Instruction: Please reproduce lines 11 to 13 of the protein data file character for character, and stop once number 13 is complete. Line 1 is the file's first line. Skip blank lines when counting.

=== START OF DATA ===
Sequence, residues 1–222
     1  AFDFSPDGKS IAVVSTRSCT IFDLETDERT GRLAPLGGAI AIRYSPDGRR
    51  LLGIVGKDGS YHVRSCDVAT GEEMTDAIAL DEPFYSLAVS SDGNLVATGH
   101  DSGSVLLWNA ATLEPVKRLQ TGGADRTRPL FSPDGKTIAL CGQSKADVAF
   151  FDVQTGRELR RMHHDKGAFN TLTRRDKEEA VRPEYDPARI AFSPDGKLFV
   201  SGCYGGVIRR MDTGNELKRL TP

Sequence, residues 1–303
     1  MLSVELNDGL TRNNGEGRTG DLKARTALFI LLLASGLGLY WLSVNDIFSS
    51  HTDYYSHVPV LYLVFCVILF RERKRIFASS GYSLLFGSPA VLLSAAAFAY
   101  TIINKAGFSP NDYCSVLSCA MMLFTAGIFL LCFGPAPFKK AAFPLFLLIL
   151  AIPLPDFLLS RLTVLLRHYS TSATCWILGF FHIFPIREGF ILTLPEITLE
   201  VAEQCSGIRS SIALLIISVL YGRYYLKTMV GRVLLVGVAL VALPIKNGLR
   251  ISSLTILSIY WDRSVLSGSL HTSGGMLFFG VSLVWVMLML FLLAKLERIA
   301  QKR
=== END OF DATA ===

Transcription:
   151  AIPLPDFLLS RLTVLLRHYS TSATCWILGF FHIFPIREGF ILTLPEITLE
   201  VAEQCSGIRS SIALLIISVL YGRYYLKTMV GRVLLVGVAL VALPIKNGLR
   251  ISSLTILSIY WDRSVLSGSL HTSGGMLFFG VSLVWVMLML FLLAKLERIA